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Faith: Blind Intersections

Faith, they say, means believing what you can’t see. Some intersections require an act of faith.

My hometown was developed in tight quarters. In old parts of the town where I often drive, buildings squeeze next to sidewalks and limit sight-lines.

Most of the blind intersections have some type of traffic management, a stop sign or whatever, but people sometimes run stop signs.

So a motorist in the right steps on the gas, powers through and hopes no other vehicle appears from a route unseen to cause mayhem.

So far, so good.

Always, though, it pays to be wary.

America has now found itself at a blind intersection.

Without the benefit of fully seeing what dangers might lurk, we proceed apace, our wits and faith as our guide.

The election came and went Tuesday, and we awoke the next morning discovering the nation had its same problems and about the same people charged with finding solutions for them.

That is, the same people who stalled and bickered, bloviated and demagogued while critical matters of governance went begging got a new turn at bat.

My friend, a music historian, reminded me that *The Who* spoke to this issue in 1971.

“Meet the new boss,” the song said, “same as the old boss.” In effect, we voted for modified behavior. Look no further for national optimism.

Offered here is an embarrassing story of my more hotheaded days.

Younger and with a surplus supply of self-importance, I had an ongoing philosophical problem with a fellow worker. Our boss got his fill of our feud, brought us into a conference room and told us to not leave until we worked things out. Then, he left.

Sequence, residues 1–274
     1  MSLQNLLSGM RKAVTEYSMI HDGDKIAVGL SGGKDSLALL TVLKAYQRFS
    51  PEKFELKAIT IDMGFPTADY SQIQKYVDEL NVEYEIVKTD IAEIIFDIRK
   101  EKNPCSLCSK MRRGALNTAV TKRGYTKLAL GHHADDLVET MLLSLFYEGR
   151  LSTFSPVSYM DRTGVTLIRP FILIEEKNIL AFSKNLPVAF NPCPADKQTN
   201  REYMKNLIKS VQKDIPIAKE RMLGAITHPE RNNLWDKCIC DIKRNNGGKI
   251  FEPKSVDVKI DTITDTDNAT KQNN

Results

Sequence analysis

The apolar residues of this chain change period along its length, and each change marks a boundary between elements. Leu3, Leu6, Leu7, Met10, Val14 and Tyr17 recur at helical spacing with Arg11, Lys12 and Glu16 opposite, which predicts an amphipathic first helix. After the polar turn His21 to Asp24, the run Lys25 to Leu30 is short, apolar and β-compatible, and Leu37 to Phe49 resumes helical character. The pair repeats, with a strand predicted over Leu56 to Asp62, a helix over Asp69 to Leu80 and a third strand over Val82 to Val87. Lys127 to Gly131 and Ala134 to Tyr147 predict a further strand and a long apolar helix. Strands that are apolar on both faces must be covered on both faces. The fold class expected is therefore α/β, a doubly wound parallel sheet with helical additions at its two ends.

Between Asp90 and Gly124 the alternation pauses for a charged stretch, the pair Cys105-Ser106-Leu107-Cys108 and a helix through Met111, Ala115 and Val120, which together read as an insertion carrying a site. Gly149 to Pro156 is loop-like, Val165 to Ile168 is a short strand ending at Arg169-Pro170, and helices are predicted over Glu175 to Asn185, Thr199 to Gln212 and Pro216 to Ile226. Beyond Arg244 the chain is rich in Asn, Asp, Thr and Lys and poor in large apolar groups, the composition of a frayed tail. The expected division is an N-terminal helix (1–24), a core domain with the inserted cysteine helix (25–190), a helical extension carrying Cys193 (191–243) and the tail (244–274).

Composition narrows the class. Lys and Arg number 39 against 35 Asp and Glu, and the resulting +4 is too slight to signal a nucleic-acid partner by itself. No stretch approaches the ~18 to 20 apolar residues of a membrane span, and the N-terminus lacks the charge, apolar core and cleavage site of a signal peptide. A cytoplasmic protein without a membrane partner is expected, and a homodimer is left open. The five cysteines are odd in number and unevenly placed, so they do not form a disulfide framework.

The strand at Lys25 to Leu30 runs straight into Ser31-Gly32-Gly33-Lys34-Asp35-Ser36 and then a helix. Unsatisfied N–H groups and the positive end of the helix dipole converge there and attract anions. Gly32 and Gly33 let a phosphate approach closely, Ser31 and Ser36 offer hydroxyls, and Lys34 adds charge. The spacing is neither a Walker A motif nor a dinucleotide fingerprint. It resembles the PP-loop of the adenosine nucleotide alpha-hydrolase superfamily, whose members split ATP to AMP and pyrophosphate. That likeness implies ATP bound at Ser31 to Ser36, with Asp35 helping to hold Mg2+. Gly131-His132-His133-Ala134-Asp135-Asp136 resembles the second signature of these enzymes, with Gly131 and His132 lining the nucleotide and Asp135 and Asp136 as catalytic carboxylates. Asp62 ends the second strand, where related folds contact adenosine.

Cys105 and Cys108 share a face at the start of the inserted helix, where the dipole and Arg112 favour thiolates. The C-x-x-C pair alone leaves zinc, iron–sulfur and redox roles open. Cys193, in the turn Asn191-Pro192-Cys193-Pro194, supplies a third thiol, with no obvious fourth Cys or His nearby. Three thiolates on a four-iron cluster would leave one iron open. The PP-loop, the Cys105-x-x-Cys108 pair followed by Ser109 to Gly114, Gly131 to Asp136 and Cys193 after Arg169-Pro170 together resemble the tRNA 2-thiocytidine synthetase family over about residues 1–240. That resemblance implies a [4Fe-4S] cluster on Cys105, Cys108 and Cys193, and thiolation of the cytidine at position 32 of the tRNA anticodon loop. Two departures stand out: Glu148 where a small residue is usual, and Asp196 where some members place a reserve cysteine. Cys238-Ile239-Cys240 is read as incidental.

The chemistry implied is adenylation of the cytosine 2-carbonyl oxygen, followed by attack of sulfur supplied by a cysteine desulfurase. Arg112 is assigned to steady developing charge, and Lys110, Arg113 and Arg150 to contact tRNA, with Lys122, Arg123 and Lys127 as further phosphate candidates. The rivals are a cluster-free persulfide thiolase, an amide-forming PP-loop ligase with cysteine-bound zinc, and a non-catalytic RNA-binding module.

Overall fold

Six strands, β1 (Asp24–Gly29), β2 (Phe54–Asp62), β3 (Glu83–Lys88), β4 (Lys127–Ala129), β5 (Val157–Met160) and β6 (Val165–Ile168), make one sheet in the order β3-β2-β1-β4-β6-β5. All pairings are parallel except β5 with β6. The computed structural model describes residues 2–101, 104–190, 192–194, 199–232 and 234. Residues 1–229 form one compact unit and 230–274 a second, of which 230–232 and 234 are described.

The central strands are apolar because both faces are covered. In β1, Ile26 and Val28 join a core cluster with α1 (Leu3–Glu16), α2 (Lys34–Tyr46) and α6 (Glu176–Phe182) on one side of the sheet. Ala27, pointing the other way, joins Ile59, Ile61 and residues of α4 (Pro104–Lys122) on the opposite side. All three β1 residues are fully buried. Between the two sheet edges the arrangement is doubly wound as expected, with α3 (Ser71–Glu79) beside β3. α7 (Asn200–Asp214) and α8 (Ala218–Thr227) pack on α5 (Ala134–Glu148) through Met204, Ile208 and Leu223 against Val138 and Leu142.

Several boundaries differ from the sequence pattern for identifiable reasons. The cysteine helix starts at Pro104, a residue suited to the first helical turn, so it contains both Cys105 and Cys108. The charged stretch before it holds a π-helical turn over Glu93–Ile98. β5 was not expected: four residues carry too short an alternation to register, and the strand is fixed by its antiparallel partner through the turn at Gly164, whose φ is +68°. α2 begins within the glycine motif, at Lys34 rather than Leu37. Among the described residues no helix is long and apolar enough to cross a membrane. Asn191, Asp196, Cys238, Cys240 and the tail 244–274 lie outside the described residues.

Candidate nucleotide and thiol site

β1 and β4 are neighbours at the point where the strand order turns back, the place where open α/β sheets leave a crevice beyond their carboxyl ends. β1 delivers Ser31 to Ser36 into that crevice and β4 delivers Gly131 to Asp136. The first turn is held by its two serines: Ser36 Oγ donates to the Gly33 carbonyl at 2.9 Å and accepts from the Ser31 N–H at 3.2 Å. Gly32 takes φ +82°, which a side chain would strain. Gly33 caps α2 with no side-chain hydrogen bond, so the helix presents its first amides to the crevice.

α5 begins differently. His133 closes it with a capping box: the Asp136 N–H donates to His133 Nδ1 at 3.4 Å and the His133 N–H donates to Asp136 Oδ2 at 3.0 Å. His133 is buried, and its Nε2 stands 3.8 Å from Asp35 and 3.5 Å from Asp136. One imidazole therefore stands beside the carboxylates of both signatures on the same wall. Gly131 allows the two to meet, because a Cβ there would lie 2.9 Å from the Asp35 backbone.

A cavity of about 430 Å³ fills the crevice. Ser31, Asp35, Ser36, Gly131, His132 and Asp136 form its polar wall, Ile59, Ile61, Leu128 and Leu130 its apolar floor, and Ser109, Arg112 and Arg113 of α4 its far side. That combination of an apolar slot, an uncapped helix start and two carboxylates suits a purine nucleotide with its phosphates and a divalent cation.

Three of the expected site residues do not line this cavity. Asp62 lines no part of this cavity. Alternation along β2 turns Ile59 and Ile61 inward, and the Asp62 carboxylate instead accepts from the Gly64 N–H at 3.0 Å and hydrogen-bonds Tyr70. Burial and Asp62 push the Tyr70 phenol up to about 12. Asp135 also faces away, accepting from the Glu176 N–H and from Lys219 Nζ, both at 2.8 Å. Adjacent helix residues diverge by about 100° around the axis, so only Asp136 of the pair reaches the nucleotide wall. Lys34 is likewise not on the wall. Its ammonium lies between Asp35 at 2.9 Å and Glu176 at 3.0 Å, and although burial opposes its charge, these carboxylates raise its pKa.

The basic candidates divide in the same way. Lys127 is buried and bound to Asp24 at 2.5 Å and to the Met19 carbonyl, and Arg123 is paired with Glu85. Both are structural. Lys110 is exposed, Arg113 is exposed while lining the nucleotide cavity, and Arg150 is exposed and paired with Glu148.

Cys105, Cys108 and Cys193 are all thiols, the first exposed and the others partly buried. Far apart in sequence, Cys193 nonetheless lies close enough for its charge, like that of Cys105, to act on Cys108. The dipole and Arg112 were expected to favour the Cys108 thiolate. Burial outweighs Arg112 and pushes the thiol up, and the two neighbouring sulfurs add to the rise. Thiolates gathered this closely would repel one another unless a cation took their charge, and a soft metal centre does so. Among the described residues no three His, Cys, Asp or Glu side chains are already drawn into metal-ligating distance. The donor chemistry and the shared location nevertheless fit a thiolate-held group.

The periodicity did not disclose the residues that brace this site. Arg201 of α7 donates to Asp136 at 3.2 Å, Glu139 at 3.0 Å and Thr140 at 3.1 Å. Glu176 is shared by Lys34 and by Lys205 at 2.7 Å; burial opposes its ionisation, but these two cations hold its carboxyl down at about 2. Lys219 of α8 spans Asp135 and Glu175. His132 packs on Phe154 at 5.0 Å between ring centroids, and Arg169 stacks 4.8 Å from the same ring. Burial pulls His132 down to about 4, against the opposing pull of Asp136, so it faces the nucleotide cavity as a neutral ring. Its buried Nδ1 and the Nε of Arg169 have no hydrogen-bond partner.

The two of us talked for five minutes about what a stupid bit of conflict resolution our boss had concocted. We talked for another 10 minutes about tricks we could use to stay out of each other’s way.

After 15 minutes, we walked out of the room knowing our jobs might depend on our next actions. Remarkably, things got better.

I don’t count myself so naive to think trillions of dollars in national debt can be reconciled with such a method. But there’s a lot to be said for shared time and bad consequences as motivators.

The group No Labels (slogan: “Stop Fighting, Start Fixing”) suggested that pay to members of Congress be suspended if they don’t pass a budget by the start of each fiscal year.

Interesting idea. Now, can you lock them in a room without it being an act of terror. Campaigning has a rich tradition of cliches. One is that a candidate, if elected, will “reach across the aisle,” to work in cooperation with members of the other party.

If this happened as often as it is promised, lawmakers would know the words to “Kumbaya” and get together for bipartisan popcorn on Redbox night.

My suggestion: Lower expectations. Say you’ll reach halfway across the aisle, an incentive for others to do the same.

The most moss-covered campaign line from incumbents is, “I work for you. You’re my boss.” As your boss, we have this guidance.

You have the job, and we have problems. Find a way to work with others and figure things out.

Stop complaining about everybody else gumming up the works. Stop saying the economy can’t grow because things are so uncertain.

You’re not potted plants. You’re in charge. Make things certain.

Have faith. We elected you as leaders. So lead.

1 comment to Faith: Blind Intersections

  • Kenneth R. Yeager

    A nice unbiased piece and God, I do wish things would/could change in Congress but I have my doubts. Now I am a born pessimist so my doubts are pretty strong that not much will change in the next two years….a very small maybe in the next four. I do think that falling off the “fiscal cliff” might do some good in proving to these inflated-ego folks that bad things can happen when they don’t do their job. And as one NYT editorialist wrote, if we do go off the cliff, it can be fixed and quickly. Something needs to be done. Each citizen over 18 only has one vote and while many can make a difference (we’ve just see that), once the jokers are voted into office, we, as voters, have little control until the next election. Plus most of us don’t have the money to buy our own Senator or Congressperson like some folks. I wish I had more faith in the process, but unfortunately, I lost that faith years ago.

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